Friday, November 11, 2016


Over the past 48 hours, I've thought a lot about my grandmother, Helena.

Helena was a smart woman.  So smart in fact that she was asked by her grade school teachers to help instruct her classmates in reading and arithmetic.  She was so thrilled that both my sister and I went to college.  She said that she had always wanted to go but that her family didn't have any money and it was really just as well because then the war happened anyways.  

I keep wondering what she would have thought about being able to vote for a woman president.

Helena was also an immigrant.  Displaced by the war, she, my grandfather, uncle, and dad emigrated to the United States in the 1950s.  She worked two jobs while raising two children, balanced the family budget, and managed to somehow squirrel away enough money to purchase a home.  She worked hard so that her children and grandchildren could lead blessed and idyllic lives. The United States gave her family an opportunity for stability, comfort, and possibility.

It's hard not to think of her as immigrants and refugees are threatened and vilified by my fellow citizens.

But Helena above all else was a survivor.  She was barely more than a teenager when the nazis invaded Poland.  She survived the holocaust, the deaths of countless family members, and the loss of her first child.  She survived leaving everything she knew and starting over many different times, in many different countries.

In her lifetime, Helena witnessed true atrocities.  She watched as fear, hate, and desperation consumed the countries and people around her.  

After all that has happened in America over the past 48 hours--over this last year--how can I not be reminded of my grandmother's story?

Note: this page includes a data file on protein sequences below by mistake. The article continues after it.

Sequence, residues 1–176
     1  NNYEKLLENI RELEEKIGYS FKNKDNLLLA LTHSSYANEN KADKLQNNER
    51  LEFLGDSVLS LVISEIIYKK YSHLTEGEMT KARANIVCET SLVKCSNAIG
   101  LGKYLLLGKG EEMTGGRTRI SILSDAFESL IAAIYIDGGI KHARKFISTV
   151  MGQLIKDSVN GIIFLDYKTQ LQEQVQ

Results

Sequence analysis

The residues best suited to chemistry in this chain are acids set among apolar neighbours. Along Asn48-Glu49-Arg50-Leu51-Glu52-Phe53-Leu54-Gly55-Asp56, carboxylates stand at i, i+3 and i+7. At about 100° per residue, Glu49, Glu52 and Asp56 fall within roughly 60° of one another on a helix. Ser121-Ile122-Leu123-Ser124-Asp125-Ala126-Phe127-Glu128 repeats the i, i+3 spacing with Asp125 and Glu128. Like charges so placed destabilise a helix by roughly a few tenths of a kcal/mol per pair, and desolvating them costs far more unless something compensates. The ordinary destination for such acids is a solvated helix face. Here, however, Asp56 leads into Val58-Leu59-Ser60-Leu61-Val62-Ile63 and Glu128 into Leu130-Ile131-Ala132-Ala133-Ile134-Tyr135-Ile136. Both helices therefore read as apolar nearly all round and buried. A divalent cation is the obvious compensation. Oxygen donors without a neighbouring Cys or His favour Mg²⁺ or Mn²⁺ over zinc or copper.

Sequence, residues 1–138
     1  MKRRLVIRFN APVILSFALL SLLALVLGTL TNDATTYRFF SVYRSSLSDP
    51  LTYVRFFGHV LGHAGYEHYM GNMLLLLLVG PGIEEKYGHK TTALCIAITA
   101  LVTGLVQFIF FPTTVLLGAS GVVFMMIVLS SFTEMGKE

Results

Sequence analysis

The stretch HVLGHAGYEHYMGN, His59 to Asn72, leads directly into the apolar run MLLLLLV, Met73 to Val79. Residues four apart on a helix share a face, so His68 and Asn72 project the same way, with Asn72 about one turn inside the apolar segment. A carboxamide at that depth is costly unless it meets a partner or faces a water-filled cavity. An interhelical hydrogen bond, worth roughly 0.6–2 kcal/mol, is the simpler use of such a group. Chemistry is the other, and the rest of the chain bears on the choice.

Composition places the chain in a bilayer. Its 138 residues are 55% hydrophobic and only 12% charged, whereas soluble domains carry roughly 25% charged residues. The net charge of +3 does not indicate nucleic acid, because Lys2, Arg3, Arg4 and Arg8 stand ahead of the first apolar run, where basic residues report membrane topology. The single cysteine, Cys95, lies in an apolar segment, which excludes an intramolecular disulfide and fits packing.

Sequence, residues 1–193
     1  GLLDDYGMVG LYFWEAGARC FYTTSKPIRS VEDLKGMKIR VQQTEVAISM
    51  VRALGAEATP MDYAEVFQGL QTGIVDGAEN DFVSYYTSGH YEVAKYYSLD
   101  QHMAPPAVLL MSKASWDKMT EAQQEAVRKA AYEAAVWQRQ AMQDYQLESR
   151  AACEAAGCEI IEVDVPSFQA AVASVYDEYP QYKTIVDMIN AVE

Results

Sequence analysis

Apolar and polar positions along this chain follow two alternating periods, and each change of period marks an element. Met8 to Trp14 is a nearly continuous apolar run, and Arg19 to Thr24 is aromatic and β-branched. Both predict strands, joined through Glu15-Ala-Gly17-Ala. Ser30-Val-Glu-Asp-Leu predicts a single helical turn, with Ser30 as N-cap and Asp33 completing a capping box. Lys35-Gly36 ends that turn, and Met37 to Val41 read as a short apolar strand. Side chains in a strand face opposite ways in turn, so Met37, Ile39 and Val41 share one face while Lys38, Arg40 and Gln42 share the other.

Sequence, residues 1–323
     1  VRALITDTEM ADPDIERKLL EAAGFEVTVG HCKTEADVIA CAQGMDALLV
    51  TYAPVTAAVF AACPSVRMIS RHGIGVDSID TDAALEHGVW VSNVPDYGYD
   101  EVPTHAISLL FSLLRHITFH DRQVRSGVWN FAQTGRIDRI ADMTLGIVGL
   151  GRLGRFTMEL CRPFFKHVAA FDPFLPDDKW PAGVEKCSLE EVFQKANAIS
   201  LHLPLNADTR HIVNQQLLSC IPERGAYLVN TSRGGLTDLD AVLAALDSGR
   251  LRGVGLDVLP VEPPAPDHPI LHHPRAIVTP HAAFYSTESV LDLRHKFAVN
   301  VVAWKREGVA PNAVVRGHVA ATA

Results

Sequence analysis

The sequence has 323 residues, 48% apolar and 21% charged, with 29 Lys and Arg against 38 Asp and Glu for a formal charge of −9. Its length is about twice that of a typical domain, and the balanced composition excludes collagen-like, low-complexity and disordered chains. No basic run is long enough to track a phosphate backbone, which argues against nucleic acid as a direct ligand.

I honestly don't care which party you belong to or who you voted for.

I understand where you are coming from.

There are so many people in this country who are hurting.  Who are struggling against poverty, racism, sexism, homophobia, xenophobia, transphobia, and various systems of enclosure. 

But othering is not the answer--it's never the answer.  This has been spectacularly proven time and  time again throughout history, in the experiences of my grandmother or your grandparents or you.

I am not sure where to go from here.  So much of the future seems uncertain, so much of the present is raw.  It's hard not to feel anything but visceral disgust for some of the horrific behavior that has emerged since Tuesday night's election results.

There is one thing I do know: when faced with the immense hatred of her generation, Helena never gave in.  She never collaborated.  She risked her life to help others and countered inhumanity with bravery and kindness.

I will never give in either.

I will never be silent when those around me are intimidated or bullied because of their race, nationality, gender, gender identity, or sexual orientation.

I will never sacrifice what I believe to be right for what is easy or convenient.

I will never choose fear over love.